• Endotracheal Tube – A tube that serves as an artificial airway and is inserted through the patient’s mouth or nose. It passes through the throat and into the air passages to help breathing. To do this it must also pass through the patient’s vocal cords. The patient will be unable to speak as long as the endotracheal tube is in place. It is this tube that connects the respirator to the patient.
  • Epidural – An injection into the epidural space of the spine.
  • Epidural – Outside the brain and its fibrous covering, the dura, but under the skull.
  • Esophagus – The portion of the digestive canal between the pharynx and stomach, consisting of a cervical part from the cricoid cartilage to the thoracic inlet, a thoracic part from the thoracic inlet to the diaphragm, and an abdominal part below the diaphragm to the stomach.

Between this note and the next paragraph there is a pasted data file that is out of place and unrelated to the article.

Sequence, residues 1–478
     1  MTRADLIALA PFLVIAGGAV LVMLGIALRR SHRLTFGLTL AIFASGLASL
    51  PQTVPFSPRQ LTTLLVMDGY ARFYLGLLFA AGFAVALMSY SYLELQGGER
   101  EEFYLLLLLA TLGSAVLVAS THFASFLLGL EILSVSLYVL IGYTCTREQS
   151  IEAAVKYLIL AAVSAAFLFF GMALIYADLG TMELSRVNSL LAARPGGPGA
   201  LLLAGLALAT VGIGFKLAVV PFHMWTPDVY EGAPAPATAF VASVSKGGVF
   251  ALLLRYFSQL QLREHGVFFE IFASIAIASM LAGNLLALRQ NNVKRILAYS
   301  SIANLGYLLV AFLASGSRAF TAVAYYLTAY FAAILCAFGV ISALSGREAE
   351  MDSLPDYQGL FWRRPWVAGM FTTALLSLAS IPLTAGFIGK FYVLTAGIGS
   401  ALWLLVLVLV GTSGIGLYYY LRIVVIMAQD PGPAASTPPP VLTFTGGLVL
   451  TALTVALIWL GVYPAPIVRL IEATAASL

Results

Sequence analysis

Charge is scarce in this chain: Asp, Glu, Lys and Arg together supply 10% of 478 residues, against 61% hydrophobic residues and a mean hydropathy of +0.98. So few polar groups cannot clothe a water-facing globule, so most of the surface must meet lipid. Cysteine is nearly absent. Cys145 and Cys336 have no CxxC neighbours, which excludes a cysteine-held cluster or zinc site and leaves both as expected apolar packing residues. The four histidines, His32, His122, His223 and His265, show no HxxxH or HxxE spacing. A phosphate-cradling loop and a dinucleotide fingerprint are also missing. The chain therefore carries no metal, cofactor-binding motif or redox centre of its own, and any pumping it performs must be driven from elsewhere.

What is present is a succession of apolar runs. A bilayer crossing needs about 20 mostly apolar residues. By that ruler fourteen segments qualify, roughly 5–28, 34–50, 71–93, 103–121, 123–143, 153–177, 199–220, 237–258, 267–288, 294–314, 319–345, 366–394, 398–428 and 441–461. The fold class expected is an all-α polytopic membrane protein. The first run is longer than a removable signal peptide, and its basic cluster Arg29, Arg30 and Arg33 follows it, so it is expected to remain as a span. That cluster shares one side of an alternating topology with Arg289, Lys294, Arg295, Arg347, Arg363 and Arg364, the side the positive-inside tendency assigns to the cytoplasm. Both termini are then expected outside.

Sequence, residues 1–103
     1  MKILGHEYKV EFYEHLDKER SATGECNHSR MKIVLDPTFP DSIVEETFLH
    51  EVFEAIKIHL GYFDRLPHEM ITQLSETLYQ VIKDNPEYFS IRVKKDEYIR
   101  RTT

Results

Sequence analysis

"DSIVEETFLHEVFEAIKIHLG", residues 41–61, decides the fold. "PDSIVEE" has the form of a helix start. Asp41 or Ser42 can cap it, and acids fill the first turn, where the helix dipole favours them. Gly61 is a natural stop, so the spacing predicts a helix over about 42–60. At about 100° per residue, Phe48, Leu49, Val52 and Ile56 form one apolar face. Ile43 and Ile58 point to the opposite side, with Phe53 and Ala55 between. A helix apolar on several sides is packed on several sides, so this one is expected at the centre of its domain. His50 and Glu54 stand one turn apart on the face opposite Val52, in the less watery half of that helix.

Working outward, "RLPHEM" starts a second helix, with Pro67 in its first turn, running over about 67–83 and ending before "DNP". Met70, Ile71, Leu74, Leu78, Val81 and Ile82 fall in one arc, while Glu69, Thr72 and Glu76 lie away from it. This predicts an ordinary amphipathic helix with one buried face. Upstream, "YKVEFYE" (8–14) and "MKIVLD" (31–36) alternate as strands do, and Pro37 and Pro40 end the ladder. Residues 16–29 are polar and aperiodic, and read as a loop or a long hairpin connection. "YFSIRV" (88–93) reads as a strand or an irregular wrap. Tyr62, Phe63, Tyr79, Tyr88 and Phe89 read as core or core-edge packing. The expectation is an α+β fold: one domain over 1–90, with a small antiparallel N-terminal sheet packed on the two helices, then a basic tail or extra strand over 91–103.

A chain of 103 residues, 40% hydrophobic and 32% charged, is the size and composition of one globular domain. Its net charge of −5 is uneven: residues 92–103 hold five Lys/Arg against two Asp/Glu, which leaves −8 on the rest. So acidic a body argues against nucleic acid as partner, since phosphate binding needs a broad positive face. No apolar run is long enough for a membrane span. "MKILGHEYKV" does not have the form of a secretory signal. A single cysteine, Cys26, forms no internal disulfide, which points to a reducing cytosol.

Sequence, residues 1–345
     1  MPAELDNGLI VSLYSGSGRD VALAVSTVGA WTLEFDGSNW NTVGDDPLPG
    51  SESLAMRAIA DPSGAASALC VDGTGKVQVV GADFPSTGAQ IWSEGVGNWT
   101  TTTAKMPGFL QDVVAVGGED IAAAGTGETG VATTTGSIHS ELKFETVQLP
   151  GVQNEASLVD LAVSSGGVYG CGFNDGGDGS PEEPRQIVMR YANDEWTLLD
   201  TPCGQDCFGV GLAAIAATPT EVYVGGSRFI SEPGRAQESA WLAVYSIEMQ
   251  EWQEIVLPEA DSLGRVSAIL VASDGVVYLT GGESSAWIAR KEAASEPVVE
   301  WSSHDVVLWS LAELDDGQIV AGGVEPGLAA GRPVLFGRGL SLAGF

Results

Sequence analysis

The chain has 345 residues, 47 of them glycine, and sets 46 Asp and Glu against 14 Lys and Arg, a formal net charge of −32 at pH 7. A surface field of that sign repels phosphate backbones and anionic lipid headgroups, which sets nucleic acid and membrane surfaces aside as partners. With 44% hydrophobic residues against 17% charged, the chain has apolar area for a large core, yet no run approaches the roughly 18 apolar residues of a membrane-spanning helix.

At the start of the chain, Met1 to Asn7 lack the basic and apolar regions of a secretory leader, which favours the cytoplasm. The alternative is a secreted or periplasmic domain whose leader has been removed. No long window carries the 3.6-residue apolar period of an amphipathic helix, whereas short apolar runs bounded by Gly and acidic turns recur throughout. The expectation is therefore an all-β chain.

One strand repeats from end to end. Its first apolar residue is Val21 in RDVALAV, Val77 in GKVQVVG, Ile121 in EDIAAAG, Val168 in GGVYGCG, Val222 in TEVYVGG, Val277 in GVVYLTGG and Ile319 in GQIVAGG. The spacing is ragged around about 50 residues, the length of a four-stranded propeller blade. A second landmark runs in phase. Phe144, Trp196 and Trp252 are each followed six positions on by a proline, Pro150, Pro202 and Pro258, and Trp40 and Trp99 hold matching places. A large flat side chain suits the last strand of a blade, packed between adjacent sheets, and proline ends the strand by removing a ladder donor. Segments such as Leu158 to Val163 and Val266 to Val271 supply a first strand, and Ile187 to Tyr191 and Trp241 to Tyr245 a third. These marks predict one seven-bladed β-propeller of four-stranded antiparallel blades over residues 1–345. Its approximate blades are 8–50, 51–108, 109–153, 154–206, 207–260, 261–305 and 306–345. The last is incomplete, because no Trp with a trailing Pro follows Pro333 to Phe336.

• Equilibrium – Normal balance reactions and postures.
  • Excision – Surgical removal by cutting, as of a tumor or a portion of a structure or organ.


  • Fibrosis – Formation of fibrous tissue.
  • Frontal Lobe – Front part of the brain; involved in planning, organizing, problem solving, selective attention, personality and a variety of “higher cognitive functions.”
  • Foramen – A natural opening or passage, especially one into or through a bone.
  • Foraminotomy – A medical operation used to relieve pressure on nerves that are being compressed by the intervertebral foramina, the passages through the bones of the vertebrae of the spine that pass nerve bundles to the body from the spinal cord.
  • Fasciculation – A localized uncoordinated, uncontrollable twitching of a single muscle group innervated by a single motor nerve fiber or filament that may be palpated and seen under the skin.